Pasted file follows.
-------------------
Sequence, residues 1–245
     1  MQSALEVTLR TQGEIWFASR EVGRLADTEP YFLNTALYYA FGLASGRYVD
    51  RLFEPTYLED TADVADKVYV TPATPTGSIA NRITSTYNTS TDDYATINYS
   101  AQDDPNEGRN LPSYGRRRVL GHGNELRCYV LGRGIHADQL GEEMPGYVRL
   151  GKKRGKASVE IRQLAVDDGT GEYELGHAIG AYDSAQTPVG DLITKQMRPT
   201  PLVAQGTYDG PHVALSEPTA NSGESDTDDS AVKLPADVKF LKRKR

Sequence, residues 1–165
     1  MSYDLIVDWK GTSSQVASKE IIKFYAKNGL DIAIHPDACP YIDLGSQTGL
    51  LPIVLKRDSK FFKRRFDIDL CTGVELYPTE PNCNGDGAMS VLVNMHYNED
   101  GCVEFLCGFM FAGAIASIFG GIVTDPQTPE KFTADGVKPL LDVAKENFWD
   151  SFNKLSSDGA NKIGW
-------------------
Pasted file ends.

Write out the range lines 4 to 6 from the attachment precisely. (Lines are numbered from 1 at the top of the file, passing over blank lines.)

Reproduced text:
   101  AQDDPNEGRN LPSYGRRRVL GHGNELRCYV LGRGIHADQL GEEMPGYVRL
   151  GKKRGKASVE IRQLAVDDGT GEYELGHAIG AYDSAQTPVG DLITKQMRPT
   201  PLVAQGTYDG PHVALSEPTA NSGESDTDDS AVKLPADVKF LKRKR